Last week Blunder Prone posted a butt ugly loss of his. We've all had them. Those horrendous games that we lose very quickly, or the agonizing hard fought game that implodes late due to some stupid idea we came up with. In the comments LEP suggested we have an ugly loss week in the blogs. With over 3200 rated games played over the course of 36 years I wouldn't be able to narrow it down to a few games to show in one week. So I've decided that hump day would become Wacky Wednesday where I'd share an amusing game from the Polly archives. Some of the games will have a story, and some of the games won't. Sometimes they'll be ridiculously short, and other times painfully long. In the interest of fair and balanced reporting, I will even show some games where I was the recipient of gift from my opponent. Contrary to popular belief, I do actually win short games sometimes due to opponent incompetence.
Since this is February and I'm getting ready to play in my 28th US Amateur Team I thought I'd start with a game from my very first US Team tournament back in 1978. I played fourth board on a stacked team. Bill Goichberg put together a team with Ken Regan on one (2363), himself on two (2327), Mark Ginsburg on three (2247) and me on four (1444) to bring the average down to 2095. Ginsburg was supposed to be our secret weapon on three. In November of 1977 he had surprised everyone by winning the National Chess Congress as an expert. So his rating on the annual list was only 2247, though in reality he was actually closer to 2400. Goichberg felt we had an excellent chance to go 6-0 since Ginsburg's real rating would have put him on board one. How many teams had a board one player on three?
Sometimes things don't work quite as planned. Having someone on your team getting sick sucks. Having two players including your ringer on board three get sick, really sucks. Having a fourth board who is playing sucky chess all weekend is a disaster. Ken and Mark took turns having raging fevers and losing or drawing against much lower rated players. I found creative ways to toss away draws or wins. Bill was our one constant. He went 6-0 on board two. Unfortunately back then they only gave one prize per board for top score, and his tie-breaks weren't good enough, so he didn't even get the clock prize for his effort.
In round four we got paired down against the Collins Men. These were fathers of some of the Collins Kids. It should have been an easy 3-1 win for us since we outrated the top three boards by a significant margin. I can't remember whether it was Regan or Ginsburg that fell victim to the upset in that round. It didn't matter. It cases like this where a stacked team needs helps from the give away fourth board. So what did I do? I played this "fine" (italics for the sarcasm impaired.) game where I decided to avoid perpetual check and walk into a forced mate.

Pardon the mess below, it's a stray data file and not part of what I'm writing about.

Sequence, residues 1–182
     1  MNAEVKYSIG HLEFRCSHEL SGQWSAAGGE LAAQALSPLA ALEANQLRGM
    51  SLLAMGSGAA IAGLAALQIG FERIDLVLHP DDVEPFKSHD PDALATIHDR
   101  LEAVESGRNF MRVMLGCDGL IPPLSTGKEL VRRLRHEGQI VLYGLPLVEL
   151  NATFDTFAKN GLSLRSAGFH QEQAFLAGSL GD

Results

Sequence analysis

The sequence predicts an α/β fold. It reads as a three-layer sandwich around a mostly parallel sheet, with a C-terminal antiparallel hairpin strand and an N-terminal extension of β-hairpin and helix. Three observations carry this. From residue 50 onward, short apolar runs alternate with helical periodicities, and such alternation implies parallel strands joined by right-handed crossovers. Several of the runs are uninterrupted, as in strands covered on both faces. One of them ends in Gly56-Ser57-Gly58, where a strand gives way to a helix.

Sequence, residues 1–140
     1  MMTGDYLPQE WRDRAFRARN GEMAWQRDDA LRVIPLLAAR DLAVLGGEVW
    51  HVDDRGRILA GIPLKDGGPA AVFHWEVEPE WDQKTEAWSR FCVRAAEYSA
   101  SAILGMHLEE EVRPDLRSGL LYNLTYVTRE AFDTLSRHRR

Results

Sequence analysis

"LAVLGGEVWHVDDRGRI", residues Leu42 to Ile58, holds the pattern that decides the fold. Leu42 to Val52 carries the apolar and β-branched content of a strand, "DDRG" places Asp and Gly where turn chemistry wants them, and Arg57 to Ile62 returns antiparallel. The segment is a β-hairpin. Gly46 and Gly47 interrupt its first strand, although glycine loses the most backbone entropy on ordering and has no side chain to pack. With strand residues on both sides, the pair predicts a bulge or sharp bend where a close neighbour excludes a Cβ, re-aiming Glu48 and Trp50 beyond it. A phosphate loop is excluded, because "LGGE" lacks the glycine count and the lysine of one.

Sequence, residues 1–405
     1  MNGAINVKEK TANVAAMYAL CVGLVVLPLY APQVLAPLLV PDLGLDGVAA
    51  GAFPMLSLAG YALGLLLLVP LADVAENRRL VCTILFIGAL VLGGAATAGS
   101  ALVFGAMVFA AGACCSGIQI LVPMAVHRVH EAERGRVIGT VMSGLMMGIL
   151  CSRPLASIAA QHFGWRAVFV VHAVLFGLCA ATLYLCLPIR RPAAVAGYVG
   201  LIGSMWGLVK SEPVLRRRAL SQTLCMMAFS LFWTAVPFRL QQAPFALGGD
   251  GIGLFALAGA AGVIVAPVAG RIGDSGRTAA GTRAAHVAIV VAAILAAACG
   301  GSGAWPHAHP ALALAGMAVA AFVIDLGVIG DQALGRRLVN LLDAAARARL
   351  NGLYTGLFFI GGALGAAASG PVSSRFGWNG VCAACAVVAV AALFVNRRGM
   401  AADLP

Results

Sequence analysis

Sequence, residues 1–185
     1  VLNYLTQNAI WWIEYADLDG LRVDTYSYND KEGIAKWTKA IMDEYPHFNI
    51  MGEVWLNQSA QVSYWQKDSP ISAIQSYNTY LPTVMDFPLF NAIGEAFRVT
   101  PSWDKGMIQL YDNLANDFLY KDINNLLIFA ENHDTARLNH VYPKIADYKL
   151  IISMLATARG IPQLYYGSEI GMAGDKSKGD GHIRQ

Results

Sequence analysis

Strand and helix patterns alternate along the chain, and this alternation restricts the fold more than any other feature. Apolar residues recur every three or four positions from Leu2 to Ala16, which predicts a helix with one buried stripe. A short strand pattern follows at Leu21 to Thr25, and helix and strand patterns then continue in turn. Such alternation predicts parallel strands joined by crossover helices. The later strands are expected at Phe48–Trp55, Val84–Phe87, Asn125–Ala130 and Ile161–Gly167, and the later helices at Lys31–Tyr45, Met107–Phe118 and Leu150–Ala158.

This is one those classic cases of forgetting to put your team's interests above your own. If I had simply settled for the draw we win the match 2.5 -1.5. If I recall there were still games going on in our match, so it wasn't clear that the 1/2 point would be so crucial. I don't remember if we had been 3-0 or 2.5 - 0.5 going into that round, but drawing the match changed the entire tournament for us. I think we ended out scoring 4.5 which wasn't good for anything. It just goes to show you that the stacked team theory doesn't always work as planned. There's no guarantee that they can score 3-1 every round.
There has been talk about a 3 grandmaster team with an 800 on fourth board playing in this year's USATE. It does seem to go against the idea of being an amateur team tournament. For a few years they had a rule that capped the rating difference between boards three and four at 1000. If you wanted a 2400 on board three it meant you had to have a 1400 on board four. For what ever reason the rule went by the boards.
There is no guarantee that the stacked team formula works. All it takes is a balanced team with an up and coming kid with a 2100 rating on board three to pull an upset of the 2400 on the stacked team. Chances are the 900 rated sacrificial lamb is going to get crushed on board four, so that means boards one and two just have scrape up a 1/2 point to win the match against the GM team.
I'm not worried about it since I'm playing board two on a team of friends from my chess club. We come to play chess and eat nice meals in between. My USATE blog may be part chess and part food critic.